Non-invasive in situ Examination of Colour Changes of Blue Paints in Danish Golden Age Paintings

David Buti, Anna Vila , Troels Folke Filtenborg, Kasper Monrad, Johanne Marie Nielsen, Laura Cartechini, Annalisa Chieli, Chiara Grazia, Francesca Gabrieli, Costanza Miliani

Publikation: KonferencebidragPosterForskningpeer review


A non-invasive study of some paintings containing areas of paint with a Prussian blue component has been conducted at the Statens Museum for Kunst. The in situ campaign has been carried out with a range of different spectroscopic portable techniques, provided by the MOLAB transnational access within the IPERION-CH European Infrastructure ( Visual examination of the paintings, highlights of the Danish Golden Age collection, revealed a significant degree of fading of the blue paint in areas exposed to the light, when compared with those protected by the rebate of the frame. Prussian blue is a hydrated iron(III) hexacyanoferrate(II) complex of variable composition depending on the manufacturing [1]. It has been reported that the method of preparation, as well as the use of white pigments or extenders to dilute the blue pigment, may be a factor contributing to its impermanence and behaviour following light exposure [1, 2]. Several papers have been published investigating this phenomenon [2, 3] on laboratory paint models. By means of X-ray fluorescence (XRF), Fourier-transformed infrared spectroscopy (FTIR), UV-vis-NIR reflectance spectroscopy and digital microscopy, the current in situ campaign aimed at mapping and understanding the degradation of Prussian blue and lead white admixtures using non-invasive portable techniques. The presence of Prussian blue was detected, with the MOLAB analytical means, in all the exposed, faded areas, although the colour had turned pale blue or almost white compared to the original tone. XRF indicated a very low and comparable amount of iron in both faded and non-faded areas. FTIR showed, in some cases, changes in the shape/position of the CN band profile of Prussian blue, and UV-vis-NIR results confirmed the presence in all cases of the blue pigment also highlighting some differences. The non-invasive analysis is complemented by the results collected on some micro-samples previously taken during restoration [4]. To rationalize the data and understand the degradation phenomenon occurring in the Danish Golden Age paintings, specifically conceived paint models have been prepared, aged under different conditions and investigated.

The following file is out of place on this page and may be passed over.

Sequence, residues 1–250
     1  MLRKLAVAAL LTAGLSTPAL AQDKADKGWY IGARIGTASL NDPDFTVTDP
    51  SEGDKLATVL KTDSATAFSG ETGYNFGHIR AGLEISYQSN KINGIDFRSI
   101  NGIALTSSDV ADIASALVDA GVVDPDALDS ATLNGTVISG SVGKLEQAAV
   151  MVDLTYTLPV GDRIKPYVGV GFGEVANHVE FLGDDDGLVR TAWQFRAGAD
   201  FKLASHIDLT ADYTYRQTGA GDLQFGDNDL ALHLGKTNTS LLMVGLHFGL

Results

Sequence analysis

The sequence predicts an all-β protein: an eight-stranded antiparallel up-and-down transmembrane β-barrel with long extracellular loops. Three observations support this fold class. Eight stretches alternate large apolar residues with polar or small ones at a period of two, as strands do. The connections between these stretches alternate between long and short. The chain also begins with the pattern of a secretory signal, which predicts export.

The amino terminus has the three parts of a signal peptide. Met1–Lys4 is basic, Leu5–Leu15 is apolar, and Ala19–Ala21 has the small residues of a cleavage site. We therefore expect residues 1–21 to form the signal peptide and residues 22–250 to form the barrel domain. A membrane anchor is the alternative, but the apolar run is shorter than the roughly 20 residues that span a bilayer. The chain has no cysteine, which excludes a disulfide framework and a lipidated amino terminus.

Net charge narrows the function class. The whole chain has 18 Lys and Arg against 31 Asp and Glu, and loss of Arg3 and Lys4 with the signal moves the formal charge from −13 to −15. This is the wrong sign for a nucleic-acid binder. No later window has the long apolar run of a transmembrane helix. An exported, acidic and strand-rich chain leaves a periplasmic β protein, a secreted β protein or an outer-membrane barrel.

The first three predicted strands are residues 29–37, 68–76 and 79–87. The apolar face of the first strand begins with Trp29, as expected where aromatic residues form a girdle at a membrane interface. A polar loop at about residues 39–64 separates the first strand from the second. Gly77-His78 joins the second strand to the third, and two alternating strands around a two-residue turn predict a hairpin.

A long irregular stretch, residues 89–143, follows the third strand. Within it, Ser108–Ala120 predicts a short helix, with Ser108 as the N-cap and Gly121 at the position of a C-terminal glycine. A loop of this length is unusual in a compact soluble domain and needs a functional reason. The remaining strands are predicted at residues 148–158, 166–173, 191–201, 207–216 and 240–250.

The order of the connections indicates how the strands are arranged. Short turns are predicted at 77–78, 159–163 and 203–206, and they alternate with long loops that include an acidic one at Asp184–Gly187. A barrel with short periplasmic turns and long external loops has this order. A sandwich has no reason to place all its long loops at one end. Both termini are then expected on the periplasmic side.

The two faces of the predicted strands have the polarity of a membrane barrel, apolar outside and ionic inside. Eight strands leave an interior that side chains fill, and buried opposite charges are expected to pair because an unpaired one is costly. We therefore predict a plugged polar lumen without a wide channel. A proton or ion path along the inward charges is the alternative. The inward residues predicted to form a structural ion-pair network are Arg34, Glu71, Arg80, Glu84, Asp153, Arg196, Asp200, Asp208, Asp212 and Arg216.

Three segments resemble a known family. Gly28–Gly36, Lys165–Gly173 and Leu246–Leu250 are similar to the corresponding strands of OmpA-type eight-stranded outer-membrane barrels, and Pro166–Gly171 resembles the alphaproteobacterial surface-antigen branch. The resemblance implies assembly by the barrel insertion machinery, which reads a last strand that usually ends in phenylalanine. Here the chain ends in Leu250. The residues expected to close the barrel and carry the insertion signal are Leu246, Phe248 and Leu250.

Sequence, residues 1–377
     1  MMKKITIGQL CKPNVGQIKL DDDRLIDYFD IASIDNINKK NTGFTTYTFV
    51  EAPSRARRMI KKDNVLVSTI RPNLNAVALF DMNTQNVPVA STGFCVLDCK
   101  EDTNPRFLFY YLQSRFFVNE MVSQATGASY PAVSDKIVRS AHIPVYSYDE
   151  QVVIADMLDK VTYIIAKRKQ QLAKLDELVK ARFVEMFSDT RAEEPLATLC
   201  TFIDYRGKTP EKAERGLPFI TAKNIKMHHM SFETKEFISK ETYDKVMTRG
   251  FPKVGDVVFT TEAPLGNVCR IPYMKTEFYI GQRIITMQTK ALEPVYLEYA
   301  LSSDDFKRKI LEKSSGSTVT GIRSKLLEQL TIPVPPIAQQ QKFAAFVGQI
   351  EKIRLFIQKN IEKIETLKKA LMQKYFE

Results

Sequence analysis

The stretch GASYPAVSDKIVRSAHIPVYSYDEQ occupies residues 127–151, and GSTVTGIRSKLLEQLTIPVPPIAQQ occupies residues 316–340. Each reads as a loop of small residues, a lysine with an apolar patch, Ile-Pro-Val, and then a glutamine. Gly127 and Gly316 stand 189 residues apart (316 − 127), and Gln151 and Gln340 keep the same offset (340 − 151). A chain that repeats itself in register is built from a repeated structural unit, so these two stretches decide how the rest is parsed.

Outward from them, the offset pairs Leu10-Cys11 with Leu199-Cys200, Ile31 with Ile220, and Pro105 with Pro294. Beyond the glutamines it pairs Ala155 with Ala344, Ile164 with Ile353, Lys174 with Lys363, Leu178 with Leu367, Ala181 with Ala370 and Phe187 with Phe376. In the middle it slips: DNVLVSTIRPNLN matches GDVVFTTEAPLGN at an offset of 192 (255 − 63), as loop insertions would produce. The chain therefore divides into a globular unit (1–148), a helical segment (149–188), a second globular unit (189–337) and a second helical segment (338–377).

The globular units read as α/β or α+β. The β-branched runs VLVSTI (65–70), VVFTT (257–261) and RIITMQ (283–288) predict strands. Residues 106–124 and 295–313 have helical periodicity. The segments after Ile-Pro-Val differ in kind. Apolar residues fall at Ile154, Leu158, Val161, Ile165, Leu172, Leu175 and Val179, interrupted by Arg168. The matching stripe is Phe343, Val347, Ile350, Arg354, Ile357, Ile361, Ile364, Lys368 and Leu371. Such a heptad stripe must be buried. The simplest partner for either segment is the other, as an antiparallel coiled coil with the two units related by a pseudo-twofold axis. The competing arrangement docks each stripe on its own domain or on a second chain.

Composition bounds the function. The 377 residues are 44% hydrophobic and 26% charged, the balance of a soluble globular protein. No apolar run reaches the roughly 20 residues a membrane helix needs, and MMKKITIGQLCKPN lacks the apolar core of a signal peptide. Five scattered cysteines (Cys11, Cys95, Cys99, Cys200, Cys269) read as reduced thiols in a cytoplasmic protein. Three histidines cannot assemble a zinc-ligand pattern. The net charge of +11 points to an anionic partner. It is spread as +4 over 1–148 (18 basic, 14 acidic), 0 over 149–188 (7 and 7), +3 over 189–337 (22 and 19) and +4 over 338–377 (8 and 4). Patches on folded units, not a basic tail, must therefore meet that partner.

Financial support by the Access to Research Infrastructures activity in the H2020 Programme of the EU (IPERION CH Grant Agreement No. 654028) is gratefully acknowledged.
[1] Kirby, J. and Saunders, D., The National Gallery Technical Bulletin, 2004. 25(1).
[2] Samain, L., et al., Journal of Analytical Atomic Spectrometry, 2013. 28(4).
[3] Samain, L., et al., The Journal of Physical Chemistry C, 2013. 117(19).
[4] Monrad, K. et al., Science and Art. The painted surface, 2014. RSC, Chapter 17.
StatusUdgivet - 2016
Begivenhed4th International Congress Chemistry for Cultural Heritage - KIK-IRPA
Varighed: 6 jul. 20168 jul. 2016


Konference4th International Congress Chemistry for Cultural Heritage